Perinatal Anxiety & Depression
Recent research has shown that women who have complications during pregnancy, such as HG, have a greater risk of Perinatal Mood and Anxiety Disorders (PMAD). The longer and more severe her symptoms, the greater her risk. About 1 in 3 mothers with HG will face PMADs which are exacerbated by the psychosocial stress and complications resulting from HG, including prematurity and neurodevelopmental issues in the child(ren). Factors such as hormonal changes also may cause PMADs and should be evaluated and monitored by a health professional for at least the first year postpartum.
Every woman with HG should be aware of the symptoms of PMADs and make sure those around her are as well. Self-diagnosis is very difficult. Signs of PMADs should prompt a call to her OB/GYN or primary care practitioner, or a mental health specialist. If an office visit is too difficult, telemedicine options are available for postpartum support and may be covered by medical plans.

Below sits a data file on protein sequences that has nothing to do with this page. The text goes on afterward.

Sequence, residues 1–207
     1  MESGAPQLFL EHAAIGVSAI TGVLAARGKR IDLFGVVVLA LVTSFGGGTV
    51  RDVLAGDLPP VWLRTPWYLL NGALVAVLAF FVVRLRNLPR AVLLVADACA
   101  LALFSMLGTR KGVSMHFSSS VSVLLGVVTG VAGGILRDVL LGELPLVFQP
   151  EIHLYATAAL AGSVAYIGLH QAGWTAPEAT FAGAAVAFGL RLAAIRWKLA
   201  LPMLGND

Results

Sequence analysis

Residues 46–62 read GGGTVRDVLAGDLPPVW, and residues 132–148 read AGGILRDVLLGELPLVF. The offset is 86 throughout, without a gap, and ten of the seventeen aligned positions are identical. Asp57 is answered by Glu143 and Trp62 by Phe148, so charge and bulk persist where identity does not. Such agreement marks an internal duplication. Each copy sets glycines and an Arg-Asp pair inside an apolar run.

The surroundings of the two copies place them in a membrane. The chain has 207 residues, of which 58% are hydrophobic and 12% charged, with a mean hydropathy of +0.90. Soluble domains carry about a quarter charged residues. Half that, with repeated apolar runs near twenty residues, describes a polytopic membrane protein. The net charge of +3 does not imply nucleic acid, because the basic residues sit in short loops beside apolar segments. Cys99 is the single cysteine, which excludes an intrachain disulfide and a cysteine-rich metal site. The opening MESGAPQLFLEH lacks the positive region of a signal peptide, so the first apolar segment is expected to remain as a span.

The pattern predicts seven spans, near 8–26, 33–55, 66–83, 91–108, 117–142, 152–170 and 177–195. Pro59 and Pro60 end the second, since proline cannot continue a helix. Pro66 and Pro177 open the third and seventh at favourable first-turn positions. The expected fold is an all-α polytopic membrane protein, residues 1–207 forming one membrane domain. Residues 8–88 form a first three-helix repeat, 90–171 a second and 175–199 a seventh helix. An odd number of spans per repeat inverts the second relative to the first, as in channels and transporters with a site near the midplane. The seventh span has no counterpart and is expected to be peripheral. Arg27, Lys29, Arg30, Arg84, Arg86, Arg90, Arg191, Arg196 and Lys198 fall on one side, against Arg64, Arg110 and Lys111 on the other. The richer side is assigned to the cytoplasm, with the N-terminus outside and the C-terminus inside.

Early intervention for PMADs is important, and safe treatments are available even if a mother is breastfeeding. Research finds a healthy, nutrient dense diet with essential fatty acids and extra vitamins including B vitamins, along with regular exercise to be very effective in treating mood disorders in some people. Women with HG need extra help regaining strength and eating healthy to recover. Some may require medication as well.
Fathers often suffer from depression and stress during and after HG pregnancies due to fear of harm to mother and child, feelings of helplessness watching a partner suffer, and the physical and financial strain of pregnancy complications.
Risk Factors for PMADs
PPD Support and Information
- Postpartum Support International
- Postpartum Education for Parents
- Postpartum Depression (Office of Women's Health)
- Dr. Sears on PPD
- Postpartum Stress Center
- Ask your OB for a perinatal mental health professional.
Symptoms of PMADs
Postpartum Issues After HG
Tian, R., et al., Analysis of pre- and post-pregnancy issues in women with hyperemesis gravidarum, Auton. Neurosci. (2016).